The Do’s & Don’ts of buying gift vouchers

3 min Read Published: 18 Dec 2014

gift voucher cardsHow safe is it to buy gift vouchers as presents?

The first thing to bear in mind is that gift vouchers are only as safe as the company that provides them. The problem for consumers is that they need to judge whether a company is at risk of going into administration  - which is difficult. Companies don’t tend to shout about it when they are having problems!

If a company goes into administration there is no compulsion for the administrators to honour existing vouchers.

Do gift vouchers have time limits?

Most do, but not all. If they do, a company does not have to honour expired gift voucher

 Gift voucher tips & the alternatives

  1. First of all go for product specific gift vouchers which can be spent in a range of places, such as book tokens. Then you don’t run the risk of an individual retailer going bust.
  2. Then choose vouchers that don’t expire. A perfect example are Theatre tokens which can be used at nearly all theatres and have no expiry date.

But if you want to allow the gift recipient more choice, good alternatives are…..


  • Amazon vouchers – you can buy them online and only expire after 10 years. Holders can buy anything from Amazon!.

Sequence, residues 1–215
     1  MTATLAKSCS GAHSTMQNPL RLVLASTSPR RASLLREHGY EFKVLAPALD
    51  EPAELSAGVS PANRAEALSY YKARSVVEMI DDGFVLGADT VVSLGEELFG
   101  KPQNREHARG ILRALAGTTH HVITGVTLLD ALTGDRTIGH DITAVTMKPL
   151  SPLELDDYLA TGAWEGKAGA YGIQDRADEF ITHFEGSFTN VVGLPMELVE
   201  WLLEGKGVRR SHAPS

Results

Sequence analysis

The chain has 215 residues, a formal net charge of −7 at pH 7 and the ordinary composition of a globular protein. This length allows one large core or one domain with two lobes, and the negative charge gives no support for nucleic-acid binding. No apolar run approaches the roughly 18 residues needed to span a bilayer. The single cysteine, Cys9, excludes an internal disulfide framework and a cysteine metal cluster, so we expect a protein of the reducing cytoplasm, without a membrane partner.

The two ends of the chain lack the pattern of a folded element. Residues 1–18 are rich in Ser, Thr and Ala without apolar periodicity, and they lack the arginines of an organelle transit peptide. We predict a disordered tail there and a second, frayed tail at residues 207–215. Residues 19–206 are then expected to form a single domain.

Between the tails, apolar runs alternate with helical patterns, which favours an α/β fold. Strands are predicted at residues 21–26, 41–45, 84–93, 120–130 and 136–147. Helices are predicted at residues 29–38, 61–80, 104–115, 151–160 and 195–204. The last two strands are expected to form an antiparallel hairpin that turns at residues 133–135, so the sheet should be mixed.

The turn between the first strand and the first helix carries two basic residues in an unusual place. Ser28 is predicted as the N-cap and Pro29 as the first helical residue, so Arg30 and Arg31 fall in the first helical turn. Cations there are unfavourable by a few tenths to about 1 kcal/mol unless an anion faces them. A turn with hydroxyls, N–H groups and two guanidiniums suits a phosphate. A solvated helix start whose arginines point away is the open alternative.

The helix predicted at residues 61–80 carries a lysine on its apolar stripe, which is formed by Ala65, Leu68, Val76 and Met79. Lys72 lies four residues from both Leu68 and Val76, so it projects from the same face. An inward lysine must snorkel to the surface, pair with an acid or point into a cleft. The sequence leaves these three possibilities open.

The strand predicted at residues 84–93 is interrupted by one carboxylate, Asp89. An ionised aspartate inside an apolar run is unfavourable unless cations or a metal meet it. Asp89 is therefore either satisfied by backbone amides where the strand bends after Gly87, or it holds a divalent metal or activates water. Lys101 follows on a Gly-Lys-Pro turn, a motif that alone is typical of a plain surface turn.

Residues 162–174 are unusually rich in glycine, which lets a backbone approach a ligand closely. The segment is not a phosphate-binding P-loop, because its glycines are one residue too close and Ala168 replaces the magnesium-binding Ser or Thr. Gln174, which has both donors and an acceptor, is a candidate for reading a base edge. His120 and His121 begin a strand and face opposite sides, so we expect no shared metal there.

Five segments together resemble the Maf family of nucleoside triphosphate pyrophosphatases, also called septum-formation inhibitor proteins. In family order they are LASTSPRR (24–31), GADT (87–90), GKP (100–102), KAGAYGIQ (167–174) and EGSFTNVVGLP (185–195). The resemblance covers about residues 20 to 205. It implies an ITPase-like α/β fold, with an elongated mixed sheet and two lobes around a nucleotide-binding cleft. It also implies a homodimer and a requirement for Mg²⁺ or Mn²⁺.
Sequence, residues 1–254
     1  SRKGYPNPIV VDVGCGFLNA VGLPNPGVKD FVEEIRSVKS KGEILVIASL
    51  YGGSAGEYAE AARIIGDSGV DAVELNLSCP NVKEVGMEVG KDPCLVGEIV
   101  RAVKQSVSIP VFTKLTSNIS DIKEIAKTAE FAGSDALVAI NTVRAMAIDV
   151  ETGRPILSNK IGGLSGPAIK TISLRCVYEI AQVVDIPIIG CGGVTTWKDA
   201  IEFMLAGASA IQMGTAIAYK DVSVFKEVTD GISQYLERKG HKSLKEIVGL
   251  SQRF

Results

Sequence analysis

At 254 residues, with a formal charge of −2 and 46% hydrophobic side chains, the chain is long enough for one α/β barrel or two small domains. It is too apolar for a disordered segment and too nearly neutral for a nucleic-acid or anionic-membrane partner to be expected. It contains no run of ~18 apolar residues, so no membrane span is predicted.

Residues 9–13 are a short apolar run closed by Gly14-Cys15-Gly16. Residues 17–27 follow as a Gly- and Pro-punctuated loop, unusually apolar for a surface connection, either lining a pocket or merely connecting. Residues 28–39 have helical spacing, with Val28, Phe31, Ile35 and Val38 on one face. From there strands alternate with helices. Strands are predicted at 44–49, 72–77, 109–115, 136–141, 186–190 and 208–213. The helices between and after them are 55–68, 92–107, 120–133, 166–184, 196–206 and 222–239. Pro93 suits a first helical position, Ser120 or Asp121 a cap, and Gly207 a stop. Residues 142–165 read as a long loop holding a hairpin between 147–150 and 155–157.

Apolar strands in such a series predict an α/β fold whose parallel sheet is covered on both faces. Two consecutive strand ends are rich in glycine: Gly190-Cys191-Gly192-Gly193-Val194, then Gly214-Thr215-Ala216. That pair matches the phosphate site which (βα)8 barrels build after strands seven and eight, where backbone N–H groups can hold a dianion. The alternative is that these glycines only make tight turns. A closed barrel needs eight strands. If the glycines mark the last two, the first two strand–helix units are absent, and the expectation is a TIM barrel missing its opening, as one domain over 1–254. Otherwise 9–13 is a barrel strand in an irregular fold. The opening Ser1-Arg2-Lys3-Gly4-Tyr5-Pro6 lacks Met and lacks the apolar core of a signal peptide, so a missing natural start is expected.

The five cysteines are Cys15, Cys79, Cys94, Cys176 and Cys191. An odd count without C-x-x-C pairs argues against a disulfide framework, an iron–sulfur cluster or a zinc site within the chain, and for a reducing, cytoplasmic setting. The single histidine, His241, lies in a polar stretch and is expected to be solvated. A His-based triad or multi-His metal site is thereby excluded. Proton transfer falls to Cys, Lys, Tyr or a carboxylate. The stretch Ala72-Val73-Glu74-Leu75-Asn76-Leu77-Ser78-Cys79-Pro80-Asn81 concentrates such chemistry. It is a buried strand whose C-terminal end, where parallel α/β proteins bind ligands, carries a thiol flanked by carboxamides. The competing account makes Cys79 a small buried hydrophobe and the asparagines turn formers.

• Try a shopping centre gift voucher - Then you avoid the risk of an individual retailer going bust. Some shopping centres operate their own schemes (such as Bluewater), but a large number offer gift voucher cards via Leading shopping centres such as Lakeside Thurrock and Westfield Stratford are participants in flex-e-cards which are available in a variety of designs and up to £1,000 in value. Although they do have expiry dates.

If you don’t want to just give cash then you can always gift a prepaid VISA or Mastercard.

Always buy vouchers with a credit card

If you plan on spending over £100 on a gift voucher then it may be wise to pay for it via a credit card as you might get protection under Section 75 of the Consumer Credit Act (i.e you can claim against your credit card company) if the issuing firm goes bust.

Further Reading